Jerry Brown takes tax campaign to GOP strongholds

Reporting from Riverside -- Gov. Jerry Brown kicked off a two-day swing through heavily Republican areas Friday to sell Californians on his plan for more taxes, telling teachers and community leaders that without the levies they would be hit hard by further budget cuts.

Employing Power Point and a professorial tone, Brown said the state’s fiscal mess could lead to the shuttering of as many as six university campuses or the turning away of as many as 100,000 students, without the taxes he wants. During the appearance at an elementary school, he offered few other specifics but warned of dire consequences if his plan is not implemented.

“Education will bear a heavy burden,” he said. "…There will be no choice but to make very drastic cuts.”

After months of fruitless negotiations with lawmakers in Sacramento over putting a tax measure on the ballot, the governor launched his statewide push in a district represented by state Sen. Bob Dutton, leader of the Senate’s minority Republicans. Dutton, who along with most other Republicans has refused to negotiate with Brown on the tax issue, declined an invitation to appear with the governor.

A spokesman for the senator dismissed Brown’s event as a “dog and pony show.” To punctuate the point, a group of protesters brought a dog and a pony to the school, Arlanza Elementary.


Meanwhile, Brown said he was learning new details Friday about the effect of budget cuts. He visited a fourth-grade class, for example, that had 35 students.

“I didn’t know that classes went up to 35,” he said. “I think that’s quite a lot.”

The meeting at the school, and a later closed-door session with local elected and law enforcement officials, lacked the pomp and circumstance of a political campaign. Instead, Brown gave a presentation on state finances to a hand-picked audience.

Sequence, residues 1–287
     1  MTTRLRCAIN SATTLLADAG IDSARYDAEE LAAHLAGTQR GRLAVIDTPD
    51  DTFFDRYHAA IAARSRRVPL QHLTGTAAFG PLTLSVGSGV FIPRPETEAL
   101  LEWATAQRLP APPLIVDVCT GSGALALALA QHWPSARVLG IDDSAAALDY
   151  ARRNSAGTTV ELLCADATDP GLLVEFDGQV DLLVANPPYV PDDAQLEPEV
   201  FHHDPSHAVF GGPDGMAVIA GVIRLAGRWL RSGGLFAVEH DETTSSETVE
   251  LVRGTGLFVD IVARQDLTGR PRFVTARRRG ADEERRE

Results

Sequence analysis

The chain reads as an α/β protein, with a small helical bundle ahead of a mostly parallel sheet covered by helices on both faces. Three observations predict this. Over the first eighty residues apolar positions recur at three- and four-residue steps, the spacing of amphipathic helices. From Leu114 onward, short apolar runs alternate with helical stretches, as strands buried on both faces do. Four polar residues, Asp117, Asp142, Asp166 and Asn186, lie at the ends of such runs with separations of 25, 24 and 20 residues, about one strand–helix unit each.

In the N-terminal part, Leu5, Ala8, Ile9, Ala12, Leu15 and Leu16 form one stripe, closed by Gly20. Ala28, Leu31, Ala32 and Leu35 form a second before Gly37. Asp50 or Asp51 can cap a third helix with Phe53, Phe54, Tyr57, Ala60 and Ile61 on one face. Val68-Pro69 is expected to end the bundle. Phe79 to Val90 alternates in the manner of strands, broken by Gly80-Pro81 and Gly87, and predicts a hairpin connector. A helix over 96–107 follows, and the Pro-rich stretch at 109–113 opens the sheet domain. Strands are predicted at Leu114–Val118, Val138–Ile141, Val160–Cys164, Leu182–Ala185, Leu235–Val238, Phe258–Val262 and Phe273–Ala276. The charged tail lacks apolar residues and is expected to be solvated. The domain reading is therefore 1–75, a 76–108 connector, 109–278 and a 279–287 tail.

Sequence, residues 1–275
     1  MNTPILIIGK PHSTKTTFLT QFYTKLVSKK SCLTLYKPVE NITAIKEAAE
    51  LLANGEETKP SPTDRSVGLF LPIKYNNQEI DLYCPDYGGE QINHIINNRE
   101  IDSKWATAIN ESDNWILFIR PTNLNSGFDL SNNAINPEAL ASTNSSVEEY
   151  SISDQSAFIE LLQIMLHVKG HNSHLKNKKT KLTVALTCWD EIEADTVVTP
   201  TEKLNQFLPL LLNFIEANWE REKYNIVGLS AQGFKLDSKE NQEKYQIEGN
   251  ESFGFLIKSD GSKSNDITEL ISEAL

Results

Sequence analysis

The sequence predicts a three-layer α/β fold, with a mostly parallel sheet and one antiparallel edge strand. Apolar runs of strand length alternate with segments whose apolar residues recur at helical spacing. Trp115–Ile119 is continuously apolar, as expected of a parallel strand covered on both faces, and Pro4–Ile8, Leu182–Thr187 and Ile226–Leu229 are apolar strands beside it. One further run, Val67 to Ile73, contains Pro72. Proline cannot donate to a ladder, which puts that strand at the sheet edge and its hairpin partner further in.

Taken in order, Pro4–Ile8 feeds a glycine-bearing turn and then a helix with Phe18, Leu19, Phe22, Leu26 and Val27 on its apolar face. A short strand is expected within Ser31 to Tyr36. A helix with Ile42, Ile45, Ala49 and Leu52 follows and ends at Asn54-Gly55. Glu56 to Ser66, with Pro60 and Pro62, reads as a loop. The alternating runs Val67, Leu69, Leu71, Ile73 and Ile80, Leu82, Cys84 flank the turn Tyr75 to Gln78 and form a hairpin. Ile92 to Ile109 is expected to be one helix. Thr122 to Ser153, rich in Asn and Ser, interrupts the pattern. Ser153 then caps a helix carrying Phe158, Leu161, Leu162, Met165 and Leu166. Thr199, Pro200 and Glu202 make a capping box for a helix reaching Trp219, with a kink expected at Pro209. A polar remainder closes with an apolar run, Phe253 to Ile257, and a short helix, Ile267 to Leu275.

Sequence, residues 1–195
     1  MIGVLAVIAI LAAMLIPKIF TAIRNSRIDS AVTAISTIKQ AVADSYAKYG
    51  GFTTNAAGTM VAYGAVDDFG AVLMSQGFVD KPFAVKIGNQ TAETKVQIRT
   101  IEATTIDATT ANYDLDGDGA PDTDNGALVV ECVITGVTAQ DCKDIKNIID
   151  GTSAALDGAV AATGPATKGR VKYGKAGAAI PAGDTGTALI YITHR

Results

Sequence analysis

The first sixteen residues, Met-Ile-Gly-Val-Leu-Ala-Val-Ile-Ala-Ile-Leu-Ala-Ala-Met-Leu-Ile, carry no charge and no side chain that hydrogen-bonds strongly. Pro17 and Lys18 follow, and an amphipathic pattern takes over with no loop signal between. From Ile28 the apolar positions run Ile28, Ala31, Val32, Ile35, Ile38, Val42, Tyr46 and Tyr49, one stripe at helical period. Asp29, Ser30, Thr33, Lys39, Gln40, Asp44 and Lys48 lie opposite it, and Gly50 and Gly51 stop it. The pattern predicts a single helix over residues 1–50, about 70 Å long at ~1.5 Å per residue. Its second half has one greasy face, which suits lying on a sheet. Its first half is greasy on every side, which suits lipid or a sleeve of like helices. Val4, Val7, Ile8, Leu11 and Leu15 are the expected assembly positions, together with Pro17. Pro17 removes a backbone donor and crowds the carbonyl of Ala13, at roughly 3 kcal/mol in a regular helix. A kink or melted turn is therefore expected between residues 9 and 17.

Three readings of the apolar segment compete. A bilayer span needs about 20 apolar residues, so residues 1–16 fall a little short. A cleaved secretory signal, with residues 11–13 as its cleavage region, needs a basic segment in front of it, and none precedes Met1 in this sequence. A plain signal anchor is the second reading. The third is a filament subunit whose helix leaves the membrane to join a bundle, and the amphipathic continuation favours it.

“I want to have a serious discussion,” the governor told reporters after the school event. “This is not a political rally.”

After meeting with mayors, sheriffs and district attorneys, Brown said he wanted them to pressure GOP lawmakers to put the taxes before voters. “We formulated some strategy to talk to some of the Republican legislators,” he said.

Although Brown says he still hopes for a compromise with GOP lawmakers that would lead to an election later this year on a renewal of sales, income and vehicle taxes, he said he would spend the next few weeks building public support for his budget plan outside Sacramento.

Brown was not the only one pitching his proposals to voters. A group of Republican legislators embarked on a 20-city tour this week to drum up support for their own approach: no extended taxes. They have not said how they would balance the budget without them.

The dueling road shows follow the breakdown of bilateral negotiations in Sacramento. Brown had originally hoped for a public vote on taxes in June. Although he is under no constitutional obligation to put his tax plan before voters, he vowed while campaigning for office last year not to raise taxes without a nod from the electorate.

Late last month, he broke off talks with lawmakers and said a June election was no longer possible.

Brown’s almost academic approach Friday was a departure from his more aggressive criticism of GOP lawmakers earlier in the week.

“The Republicans have botched this,” Brown said in an interview Tuesday. “I laid out a plan,” and because GOP lawmakers would not vote for it, “the state’s now on a collision course.”

Brown’s next step remains unclear. He has said there would be an election on his tax proposal “one way or another.” He now says a legislative compromise could lead to a September election. But he is also considering circumventing the Legislature and using a citizen initiative to place his budget plan on the ballot in November if a bipartisan accord cannot be reached.

Either way, Brown said he plans to release a revised budget next month that will assume the renewal of the taxes. But he said he will also ask the Legislature to pass a series of cuts to be implemented if voters say no to the levies. He again rejected suggestions that he could break his vow and sign taxes into law without a public referendum.

Meanwhile, Brown is reaching out, in public and private meetings, to interest groups that could help fund an election campaign. This week, he met with doctors, firefighters, police unions and other groups that traditionally open their wallets for such campaigns.

He said interest groups must now help build public support for his plan to prevent billions more in cuts to state services. Speaking to a firefighters union in Sacramento on Tuesday, Brown urged more “pressure from firefighters, from police, from sheriffs. The pressure has to be turned up.”